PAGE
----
Permitless Concealed Carry in Pennsylvania
Permitless Concealed Carry in Pennsylvania
BY: Scaringi Law Attorney Victor Schleich
Earlier this month, Pennsylvania Governor Tom Wolf vetoed Senate Bill 565. This bill, if passed, would have made Pennsylvania the 22nd state in the nation to enact permitless carry of a concealed firearm, or what is commonly referred to as “constitutional carry” of firearms. In states where such legislation has been enacted, those who lawfully own a handgun can engage in concealed carry without the need for applying for and being granted a concealed carry permit.
Dating back to the revolutionary era, founders such as Alexander Hamilton advocated for broad rights to self-defense with firearms, including personal carry. St. George Tucker, an influential attorney of the revolution era once stated that the right to bear arms was, “Without any qualifications as to their conditions or degree.” However, up until the last few years, the legislatures in nearly every state, backed by their courts, have placed restrictions on the ability to carry a concealed firearm. The one state that has never had such a restriction is Vermont, where you can lawfully carry a concealed firearm without any state-issued permit.
Currently in Pennsylvania, those seeking to carry a concealed firearm are required to apply for a License To Carry (LTC) permit pursuant to 18 Pa.C.S.A. § 6109. This permit costs twenty dollars. In addition to this cost, there is a background check similar to the one an individual is subjected to when they initially purchase their firearm. This process can take forty-five days from the time you apply for your permit. Carrying a concealed firearm without following this permitting process is a third-degree felony under 18 Pa.C.S.A. § 6106(a).
The primary sponsor of Bill 565 in the Senate was Senator Cris Dush who represents Senate District 25. According to Senator Dush, permitless, or constitutional carry, is a fundamental right of all Pennsylvanians under the Second Amendment of the United States Constitution, as well as Article 1 Section 21 of the Pennsylvania State Constitution. Senator Dush made a compelling argument in support of this position by pointing to the fact that under current state law, Pennsylvanians can open carry in a vast majority of the state. The only exception to this is the city of Philadelphia. As a city of the first class, in order to open carry you must either be licensed to carry or have an exemption under 18 Pa.C.S. § 6106(b). Of course, private businesses and property owners can have their own rules and regulations when it comes to firearms on their property as well.
In attempting to justify his veto of this proposed legislation, Governor Wolf stated that allowing permitless concealed carry would “exacerbate gun violence and jeopardize the safety of all Pennsylvanians.” This safety concern is the main argument of those pushing for gun owners to be forced to have a state-approved permit to carry a concealed firearm. However, this safety concern is misguided. Before a gun owner gets to the point of applying for a concealed carry permit, he or she has likely already been subjected to a thorough background check conducted at the time of purchasing their firearm, either through a sale at an FFL dealer or via a private sale completed at an FFL dealer. While a private transfer of a long gun, such as a rifle, is not required to proceed through an FFL dealer, all transfers of handguns are, except for those between certain family members, such as parent to child, spouse to spouse, and grandparent to grandchild. This encompasses the vast majority of firearms gun owners with a concealed carry permit typically purchase. While this would create a small loophole as it relates to some firearms, the current statute mandates all be subjected to a PIC review, which is redundant for many.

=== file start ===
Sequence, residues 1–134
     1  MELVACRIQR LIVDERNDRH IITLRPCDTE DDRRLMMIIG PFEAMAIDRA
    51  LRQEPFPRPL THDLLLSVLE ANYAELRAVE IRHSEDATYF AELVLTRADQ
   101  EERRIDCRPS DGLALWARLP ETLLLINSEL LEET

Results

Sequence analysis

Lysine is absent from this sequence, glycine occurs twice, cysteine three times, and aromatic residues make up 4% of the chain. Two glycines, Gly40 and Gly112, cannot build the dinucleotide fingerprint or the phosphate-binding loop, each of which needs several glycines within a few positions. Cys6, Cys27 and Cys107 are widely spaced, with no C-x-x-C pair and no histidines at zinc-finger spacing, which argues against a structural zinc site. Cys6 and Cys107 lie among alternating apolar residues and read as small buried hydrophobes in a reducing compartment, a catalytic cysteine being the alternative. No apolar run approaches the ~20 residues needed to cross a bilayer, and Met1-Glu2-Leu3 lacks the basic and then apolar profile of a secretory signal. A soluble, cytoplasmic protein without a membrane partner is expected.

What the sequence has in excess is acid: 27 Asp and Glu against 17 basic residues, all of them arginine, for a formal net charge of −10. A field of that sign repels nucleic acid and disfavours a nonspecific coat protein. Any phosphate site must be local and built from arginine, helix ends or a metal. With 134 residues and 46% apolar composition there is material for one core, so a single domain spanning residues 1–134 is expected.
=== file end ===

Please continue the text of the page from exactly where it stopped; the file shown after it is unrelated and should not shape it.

The claim that allowing permitless concealed carry of firearms will lead to an increase in gun violence is not supported by current research into the issue. While studying the impact of permitless concealed carry on crime rates, specifically homicide rates, adjunct Professor Clayton E. Cramer at the College of Western Idaho found no significant change in murder rates in states before and after the introduction of constitutional carry. Professor Cramer analyzed murder rates in Arizona, Alaska, and Wyoming five prior to as well as following each state passing their own constitutional carry legislation.
In a larger study, Professor Alexander McCourt, an Assistant Scientist at Johns Hopkins Bloomberg School of Public Health, came to the same conclusion as Cramer. In analyzing the 21 current permitless concealed carry states, McCourt found a statistically significant lower level of assault and robbery offenses committed with firearms after states passed constitutional carry. The study showed no statistically significant change in murder rates across these states following the legalization of permitless concealed carry. While there isn’t a considerable amount of research on this issue, the early data suggests that Governor Wolf’s fears of increased crime as a result of permitless concealed carry are unfounded.
With the race for governor heating up in Pennsylvania, this is surely not the last we’ve seen of this topic in the legislature and potentially the courts.
If you have any questions about your rights to purchase, own, or carry firearms within the state of Pennsylvania, please reach out to the attorneys at Scaringi Law.